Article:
Given Trump's press ban on some outlets to certain briefings in the past couple of days, my previous comment makes me wonder if my "positive spin" is delusional. Oh, well - as the old Nietzsche saying goes - "what doesn't kill you makes you stronger "! Maybe it'll stop the so called leftist media from being so complacent and actually do some real investigative journalism.

AURELIUS 26 February 2017

Why are the French drawing analogies with American pop culture concepts, ‘Trumpocalypse’, ‘PenelopeGate’, the naming rights of which are, of course, in Anglais? When they sold ‘Louisiana’ (which is very much more than present-day Louisiana State) on April 30, 1803 for about US$250 million in 2016 dollars to a president who dared to be different from the advice he was receiving, our British cousins once removed, the United States, became free to incorporate the rest of the continent and eventually become the single most powerful nation on earth. In doing so, they became the centre of world attention. They also confirmed English, after the decline of the British Empire, as the reserve language of the world, much like the US dollar is the reserve currency of the world. Senses of despair, nihilism and meaninglessness (ie., post-truth) are merely distractions from the diabolic to make us forget the grace galore that heaven has bestowed on Anglo-American culture, of which we are a beneficiary. Trump should declare April 30 a national holiday to remind his fellow citizens of what one man’s farsightedness can achieve in a little over twenty one decades and we should remember that not all cultures are equal.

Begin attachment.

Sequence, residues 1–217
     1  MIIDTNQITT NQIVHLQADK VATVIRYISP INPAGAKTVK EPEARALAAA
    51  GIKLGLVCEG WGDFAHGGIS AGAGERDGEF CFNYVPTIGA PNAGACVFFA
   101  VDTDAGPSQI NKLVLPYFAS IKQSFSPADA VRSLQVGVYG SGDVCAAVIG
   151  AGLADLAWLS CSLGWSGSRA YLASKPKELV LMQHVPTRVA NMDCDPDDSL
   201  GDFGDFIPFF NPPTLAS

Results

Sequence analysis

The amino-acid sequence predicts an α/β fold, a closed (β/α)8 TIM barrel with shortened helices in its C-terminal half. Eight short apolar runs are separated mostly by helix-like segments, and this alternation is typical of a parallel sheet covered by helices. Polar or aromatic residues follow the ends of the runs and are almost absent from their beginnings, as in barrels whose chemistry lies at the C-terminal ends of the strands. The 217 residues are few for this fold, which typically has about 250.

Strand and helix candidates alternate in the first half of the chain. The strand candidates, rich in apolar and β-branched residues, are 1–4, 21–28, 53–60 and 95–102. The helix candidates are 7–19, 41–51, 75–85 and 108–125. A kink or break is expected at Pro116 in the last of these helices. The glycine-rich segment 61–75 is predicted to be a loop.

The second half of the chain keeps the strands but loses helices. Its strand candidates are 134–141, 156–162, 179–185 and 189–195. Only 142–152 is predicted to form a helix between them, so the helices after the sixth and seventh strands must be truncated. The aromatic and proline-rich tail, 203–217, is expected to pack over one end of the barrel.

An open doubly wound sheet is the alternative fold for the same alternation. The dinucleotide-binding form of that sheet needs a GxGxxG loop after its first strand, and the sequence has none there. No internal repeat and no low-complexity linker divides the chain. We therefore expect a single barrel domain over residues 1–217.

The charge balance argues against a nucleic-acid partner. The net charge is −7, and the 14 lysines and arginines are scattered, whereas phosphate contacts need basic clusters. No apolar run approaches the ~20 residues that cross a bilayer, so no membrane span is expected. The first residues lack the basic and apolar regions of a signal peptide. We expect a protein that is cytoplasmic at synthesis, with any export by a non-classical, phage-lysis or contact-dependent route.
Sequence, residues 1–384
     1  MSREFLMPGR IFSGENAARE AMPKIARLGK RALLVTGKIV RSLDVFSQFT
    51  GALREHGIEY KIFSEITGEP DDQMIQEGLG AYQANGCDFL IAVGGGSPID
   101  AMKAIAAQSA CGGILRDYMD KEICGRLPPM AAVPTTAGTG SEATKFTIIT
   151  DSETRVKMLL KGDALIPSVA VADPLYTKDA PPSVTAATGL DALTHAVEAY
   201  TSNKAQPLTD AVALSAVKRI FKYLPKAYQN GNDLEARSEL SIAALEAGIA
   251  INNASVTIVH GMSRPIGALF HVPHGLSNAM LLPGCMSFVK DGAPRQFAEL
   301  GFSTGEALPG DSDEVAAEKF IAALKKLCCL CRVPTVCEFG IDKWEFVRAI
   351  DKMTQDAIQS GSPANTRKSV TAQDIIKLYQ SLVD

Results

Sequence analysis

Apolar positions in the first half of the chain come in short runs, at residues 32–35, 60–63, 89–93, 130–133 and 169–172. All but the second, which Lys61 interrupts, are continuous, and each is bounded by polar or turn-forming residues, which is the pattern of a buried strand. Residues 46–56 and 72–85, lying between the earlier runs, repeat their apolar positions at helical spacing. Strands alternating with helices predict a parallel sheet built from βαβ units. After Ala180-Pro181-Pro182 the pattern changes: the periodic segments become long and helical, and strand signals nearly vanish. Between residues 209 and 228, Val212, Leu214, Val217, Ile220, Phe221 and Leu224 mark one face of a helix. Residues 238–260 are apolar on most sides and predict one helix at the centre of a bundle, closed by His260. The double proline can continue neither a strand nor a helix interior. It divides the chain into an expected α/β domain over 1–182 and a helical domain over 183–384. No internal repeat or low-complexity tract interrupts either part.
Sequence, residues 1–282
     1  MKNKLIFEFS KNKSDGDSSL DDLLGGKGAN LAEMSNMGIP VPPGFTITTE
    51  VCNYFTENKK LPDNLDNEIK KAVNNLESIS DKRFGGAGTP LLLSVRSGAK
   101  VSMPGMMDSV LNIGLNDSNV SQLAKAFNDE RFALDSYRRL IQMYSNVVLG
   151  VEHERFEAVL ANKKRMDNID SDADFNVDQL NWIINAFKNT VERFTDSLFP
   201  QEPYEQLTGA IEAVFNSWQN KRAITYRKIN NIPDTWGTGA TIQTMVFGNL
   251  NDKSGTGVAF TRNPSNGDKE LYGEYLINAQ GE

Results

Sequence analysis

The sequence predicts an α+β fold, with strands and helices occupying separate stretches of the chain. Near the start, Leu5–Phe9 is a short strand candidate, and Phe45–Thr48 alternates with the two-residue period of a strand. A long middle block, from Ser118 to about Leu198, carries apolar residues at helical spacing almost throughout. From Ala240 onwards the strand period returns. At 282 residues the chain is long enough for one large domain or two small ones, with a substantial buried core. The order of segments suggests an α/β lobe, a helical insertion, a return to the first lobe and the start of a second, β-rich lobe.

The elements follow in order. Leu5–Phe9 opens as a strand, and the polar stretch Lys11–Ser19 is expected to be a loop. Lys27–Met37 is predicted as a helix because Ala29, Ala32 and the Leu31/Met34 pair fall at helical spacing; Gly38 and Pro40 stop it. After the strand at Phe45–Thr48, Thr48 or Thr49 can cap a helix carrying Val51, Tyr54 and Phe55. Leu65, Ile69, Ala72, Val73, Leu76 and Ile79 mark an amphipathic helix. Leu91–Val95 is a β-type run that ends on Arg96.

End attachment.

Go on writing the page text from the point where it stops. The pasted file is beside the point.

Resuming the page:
Roy Chen Yee 27 February 2017

Surely Brigitte, 'the domain of freedom and the Jeffersonian ideal of public happiness' are scarcely sensible sentiments; certainly not ideals. Apart from their imprecision the means to them are at least unclear and at best self defeating. And they are narcissistic values. When the United States chose the ideal of Little Emile from Rousseau as the model for education they considered that the human being was perfect as it was born and needed just self development. Unfortunately this meant that content in education and serious pondering and consideration came second or not at all. So much for the valuing of the cultures from which they came, or that of the peoples they displaced. Your valuing of cultural heritage is fine, just this example needs a serious rethink. Otherwise you can justify American imperialism and superficiality-which incidentally we thoughtlessly import to Oz.

Michael D. Breen 02 March 2017

Very interesting take on the decline of Western civilisation, identifiable historically with the decline of all human cultures which achieved the pinnacle of civilisation in their time and place, e.g. Samaria, Greece, Rome. Regarding the American presidency it is probably far too early to judge Trump. He is brash, bullish and ugly but it seems that the establishment is bringing him to heel surprisingly effectively. The Bush and Obama presidencies have much to answer for their contributions to Western decline and perhaps the apocalyptic tag would currently be better applied to them. Perhaps Trump will revert to a historical past and hopefully be successful. After all, is not such a return precisely what the Brexits, Trump voters, Hansonites and many in the Western world are crying out for?

john frawley 02 March 2017

"When you destroy cultural memory, you destroy a people". Enough said!

Mary Tehan 02 March 2017